Are men really from Mars and women from Venus? Here, we explore the most common assumptions surrounding the sexes.
Men are obsessed with sports, cars, and the remote control. Women are hopeless romantics who can't do math. These are just a few common myths about men and women. Are they just gender stereotypes, or do they contain nuggets of truth?Some studies suggest there are, in fact, distinct differences between the sexes.
But according to other research, men and women may be more alike than we realize. Read on to find out what's fact and what's fiction.
The 4 Biggest Myths About Men
Myth 1: Men aren't as emotional as women.
Reality: A recent Vanderbilt University study suggests that men and women do, in fact, experience the same levels of sadness. Women are just more likely to reach for the box of tissues. As the lead researcher explained, it's not that women are more emotional than their male counterparts; they're just more likely to express those emotions.
Myth 2: Men don't like to communicate.
Reality: Men communicate differently than women, but that doesn't mean they’re uncommunicative. "For males, conversation is the way you negotiate your status in the group and keep people from pushing you around." This is in stark contrast, she notes, to females, who use conversation to negotiate closeness and intimacy.
Myth 3: Men think about sex constantly.
Reality: It's often said that men think about sex every seven seconds, but experts agree that this isn't true. According to the Kinsey Institute, only 54 percent of men think about sex every day or several times a day; 43 percent think about it a few times a month or week, while the remaining 4 percent thinks about sex less than once a month. Nevertheless, men do think about sex more than women (only 19 percent of women think about sex every day or several times a day, 67 percent a few times per month or a few times per week, and 14 percent less than once a month).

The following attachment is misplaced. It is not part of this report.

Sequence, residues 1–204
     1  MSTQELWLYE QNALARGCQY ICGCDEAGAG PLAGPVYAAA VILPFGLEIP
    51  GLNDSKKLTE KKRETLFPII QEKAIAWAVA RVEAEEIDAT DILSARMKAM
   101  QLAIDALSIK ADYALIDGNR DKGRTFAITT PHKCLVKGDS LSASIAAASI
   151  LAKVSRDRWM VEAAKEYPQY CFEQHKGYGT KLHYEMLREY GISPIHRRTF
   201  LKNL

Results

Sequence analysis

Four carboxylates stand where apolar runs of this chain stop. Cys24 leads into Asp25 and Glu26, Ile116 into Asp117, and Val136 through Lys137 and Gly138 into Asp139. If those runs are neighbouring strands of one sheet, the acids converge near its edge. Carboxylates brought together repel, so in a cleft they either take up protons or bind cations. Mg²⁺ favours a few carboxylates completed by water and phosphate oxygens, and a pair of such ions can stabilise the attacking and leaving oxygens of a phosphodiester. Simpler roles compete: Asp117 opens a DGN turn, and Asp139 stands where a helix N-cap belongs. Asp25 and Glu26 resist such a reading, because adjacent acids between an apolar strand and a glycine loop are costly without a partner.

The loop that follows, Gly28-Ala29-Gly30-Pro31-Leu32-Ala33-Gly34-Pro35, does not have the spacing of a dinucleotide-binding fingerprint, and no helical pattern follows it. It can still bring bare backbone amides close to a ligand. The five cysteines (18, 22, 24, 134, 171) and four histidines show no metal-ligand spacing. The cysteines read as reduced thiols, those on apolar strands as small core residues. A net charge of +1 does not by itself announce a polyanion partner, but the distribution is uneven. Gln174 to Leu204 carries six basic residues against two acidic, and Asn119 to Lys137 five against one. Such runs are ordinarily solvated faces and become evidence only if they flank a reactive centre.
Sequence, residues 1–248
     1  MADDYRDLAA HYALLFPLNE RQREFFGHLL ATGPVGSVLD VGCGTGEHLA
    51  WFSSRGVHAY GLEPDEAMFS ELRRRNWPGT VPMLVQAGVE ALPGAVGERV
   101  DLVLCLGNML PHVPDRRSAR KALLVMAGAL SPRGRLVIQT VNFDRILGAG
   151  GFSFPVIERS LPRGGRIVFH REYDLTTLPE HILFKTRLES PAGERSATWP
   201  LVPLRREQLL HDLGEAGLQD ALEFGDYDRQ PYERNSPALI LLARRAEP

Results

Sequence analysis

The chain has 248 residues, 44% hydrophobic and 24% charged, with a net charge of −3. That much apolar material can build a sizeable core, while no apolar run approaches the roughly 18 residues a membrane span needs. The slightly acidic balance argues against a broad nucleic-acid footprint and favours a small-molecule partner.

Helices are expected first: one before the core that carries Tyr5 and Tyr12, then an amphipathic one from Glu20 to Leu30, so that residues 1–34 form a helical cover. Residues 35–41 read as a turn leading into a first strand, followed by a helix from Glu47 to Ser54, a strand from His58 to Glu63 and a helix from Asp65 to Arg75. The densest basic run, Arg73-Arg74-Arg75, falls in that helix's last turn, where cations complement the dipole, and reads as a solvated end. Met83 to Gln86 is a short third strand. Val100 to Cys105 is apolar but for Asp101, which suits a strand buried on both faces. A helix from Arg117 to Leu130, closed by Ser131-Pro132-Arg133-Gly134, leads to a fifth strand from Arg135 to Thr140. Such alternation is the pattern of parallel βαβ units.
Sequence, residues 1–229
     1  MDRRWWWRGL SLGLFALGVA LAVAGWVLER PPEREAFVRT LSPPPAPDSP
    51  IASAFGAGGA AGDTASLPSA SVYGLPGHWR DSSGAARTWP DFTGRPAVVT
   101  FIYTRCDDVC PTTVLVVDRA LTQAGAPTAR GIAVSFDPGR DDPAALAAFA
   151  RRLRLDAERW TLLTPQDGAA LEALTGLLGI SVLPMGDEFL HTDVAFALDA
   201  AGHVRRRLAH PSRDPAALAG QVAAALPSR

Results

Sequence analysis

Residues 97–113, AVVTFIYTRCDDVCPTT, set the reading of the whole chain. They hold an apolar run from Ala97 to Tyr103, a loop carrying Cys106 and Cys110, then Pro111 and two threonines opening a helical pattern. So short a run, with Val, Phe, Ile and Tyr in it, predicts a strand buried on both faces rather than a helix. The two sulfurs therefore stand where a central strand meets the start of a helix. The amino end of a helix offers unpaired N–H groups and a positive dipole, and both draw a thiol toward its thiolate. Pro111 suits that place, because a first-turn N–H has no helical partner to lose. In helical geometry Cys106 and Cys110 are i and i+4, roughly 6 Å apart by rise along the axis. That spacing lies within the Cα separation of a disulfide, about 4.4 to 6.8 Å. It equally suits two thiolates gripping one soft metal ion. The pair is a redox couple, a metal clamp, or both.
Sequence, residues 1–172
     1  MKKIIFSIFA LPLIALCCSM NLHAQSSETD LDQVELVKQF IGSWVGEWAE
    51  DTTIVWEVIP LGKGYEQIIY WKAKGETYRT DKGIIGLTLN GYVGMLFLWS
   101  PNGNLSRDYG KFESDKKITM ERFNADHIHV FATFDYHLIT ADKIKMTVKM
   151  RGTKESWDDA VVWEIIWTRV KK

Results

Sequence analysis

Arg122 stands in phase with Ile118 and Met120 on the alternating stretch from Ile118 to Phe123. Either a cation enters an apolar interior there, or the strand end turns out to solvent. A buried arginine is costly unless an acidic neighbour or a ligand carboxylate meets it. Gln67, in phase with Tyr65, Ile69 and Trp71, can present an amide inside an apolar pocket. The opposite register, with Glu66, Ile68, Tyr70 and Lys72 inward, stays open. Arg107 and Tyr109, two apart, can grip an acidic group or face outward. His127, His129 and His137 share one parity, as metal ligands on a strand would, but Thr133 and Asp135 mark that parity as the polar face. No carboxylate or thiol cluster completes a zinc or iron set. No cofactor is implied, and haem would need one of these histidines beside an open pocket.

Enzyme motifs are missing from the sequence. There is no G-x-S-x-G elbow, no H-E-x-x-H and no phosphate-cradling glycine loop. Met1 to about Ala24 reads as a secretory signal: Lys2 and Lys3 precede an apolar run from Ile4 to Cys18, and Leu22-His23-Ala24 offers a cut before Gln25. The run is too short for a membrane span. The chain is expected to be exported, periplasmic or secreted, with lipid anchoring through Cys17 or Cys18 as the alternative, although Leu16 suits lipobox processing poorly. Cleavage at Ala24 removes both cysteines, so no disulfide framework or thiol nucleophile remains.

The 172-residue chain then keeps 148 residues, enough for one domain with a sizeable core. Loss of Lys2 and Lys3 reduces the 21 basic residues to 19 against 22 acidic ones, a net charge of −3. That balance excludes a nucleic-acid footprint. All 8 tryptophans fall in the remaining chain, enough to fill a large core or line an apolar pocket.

Myth 4: Men want to avoid marriage.
Reality: Men may be marrying at a later age, but the majority of them are still tying the knot. A 2002 U.S. Census Bureau study reported that more than half (51.3 percent) of men were married. Another U.S. Census article lists the median age of a first marriage in 2003 as 27.1, compared to 26.1 in 1990 and 24.7 in 1980.
The 4 Biggest Myths About Women
Myth 1: Women aren't good at math.
Reality: In a Lafayette College study, three groups of men and women were asked a separate series of questions prior to taking identical math tests. The women who answered questions about their achievement at a prestigious, liberal arts college performed significantly better on the math test than women who were asked whether they lived in a single-sex or coed dorm. The findings suggest that seemingly innocent questions activate male and female stereotypes—and may then go on to affect individual cognitive performance.
Myth 2: Women are bad drivers.
Reality: This age old-stereotype was brought to a screeching halt by researchers at Bradford University. Their study found that when it comes to tasks requiring mental flexibility, such as driving, women prevail. Women scored significantly better on a battery of tests that assessed skills such as spatial recognition memory, attention span, and motor control. The researchers believe that oestrogen, a hormone present in a woman's part of the brain responsible for motor skills, may be the contributing factor.
Myth 3: All women want children.
Reality: Some women choose to live life without children; this is an important topic to discuss before marriage. The National Center of Health Statistics confirms that the percentage of women of childbearing age who define themselves as voluntarily childless is on the rise. From 1982 to 1995 alone, the percentage of women say no to motherhood jumped from 2.4 to 6.6.
Myth 4: Women just want to get married.
Reality: Yes, for some women, a wedding ring is the ultimate goal. But with the divorce rate hovering around 40 percent, many women realize that tying the knot isn’t a guarantee of happily-ever-after—and are marrying later, if at all. According to the U.S. Census Bureau, the median age for a woman’s first marriage was 25.3 in 2003, as versus 23.9 in 1990 and 22 in 1980. In addition, a 2006 U.S. Census report stated that 51 percent of American women are unmarried, which includes those who are divorced, widowed, or never married at all.